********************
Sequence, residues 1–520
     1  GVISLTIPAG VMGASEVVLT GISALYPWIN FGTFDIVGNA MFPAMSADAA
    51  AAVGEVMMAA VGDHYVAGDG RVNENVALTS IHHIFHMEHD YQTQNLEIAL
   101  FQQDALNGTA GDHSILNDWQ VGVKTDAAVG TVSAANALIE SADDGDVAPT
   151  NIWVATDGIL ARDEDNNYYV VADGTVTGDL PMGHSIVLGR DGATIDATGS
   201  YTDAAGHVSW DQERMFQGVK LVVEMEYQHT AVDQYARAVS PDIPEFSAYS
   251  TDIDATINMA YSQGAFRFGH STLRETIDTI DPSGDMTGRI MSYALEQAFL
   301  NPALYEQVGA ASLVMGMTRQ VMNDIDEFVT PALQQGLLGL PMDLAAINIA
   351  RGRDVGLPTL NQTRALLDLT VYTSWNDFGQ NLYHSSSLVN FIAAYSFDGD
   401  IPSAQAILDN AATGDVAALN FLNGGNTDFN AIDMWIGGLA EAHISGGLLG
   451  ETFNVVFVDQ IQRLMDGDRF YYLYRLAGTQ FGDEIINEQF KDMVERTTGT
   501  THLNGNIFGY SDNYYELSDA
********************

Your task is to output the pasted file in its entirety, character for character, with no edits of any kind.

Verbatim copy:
Sequence, residues 1–520
     1  GVISLTIPAG VMGASEVVLT GISALYPWIN FGTFDIVGNA MFPAMSADAA
    51  AAVGEVMMAA VGDHYVAGDG RVNENVALTS IHHIFHMEHD YQTQNLEIAL
   101  FQQDALNGTA GDHSILNDWQ VGVKTDAAVG TVSAANALIE SADDGDVAPT
   151  NIWVATDGIL ARDEDNNYYV VADGTVTGDL PMGHSIVLGR DGATIDATGS
   201  YTDAAGHVSW DQERMFQGVK LVVEMEYQHT AVDQYARAVS PDIPEFSAYS
   251  TDIDATINMA YSQGAFRFGH STLRETIDTI DPSGDMTGRI MSYALEQAFL
   301  NPALYEQVGA ASLVMGMTRQ VMNDIDEFVT PALQQGLLGL PMDLAAINIA
   351  RGRDVGLPTL NQTRALLDLT VYTSWNDFGQ NLYHSSSLVN FIAAYSFDGD
   401  IPSAQAILDN AATGDVAALN FLNGGNTDFN AIDMWIGGLA EAHISGGLLG
   451  ETFNVVFVDQ IQRLMDGDRF YYLYRLAGTQ FGDEIINEQF KDMVERTTGT
   501  THLNGNIFGY SDNYYELSDA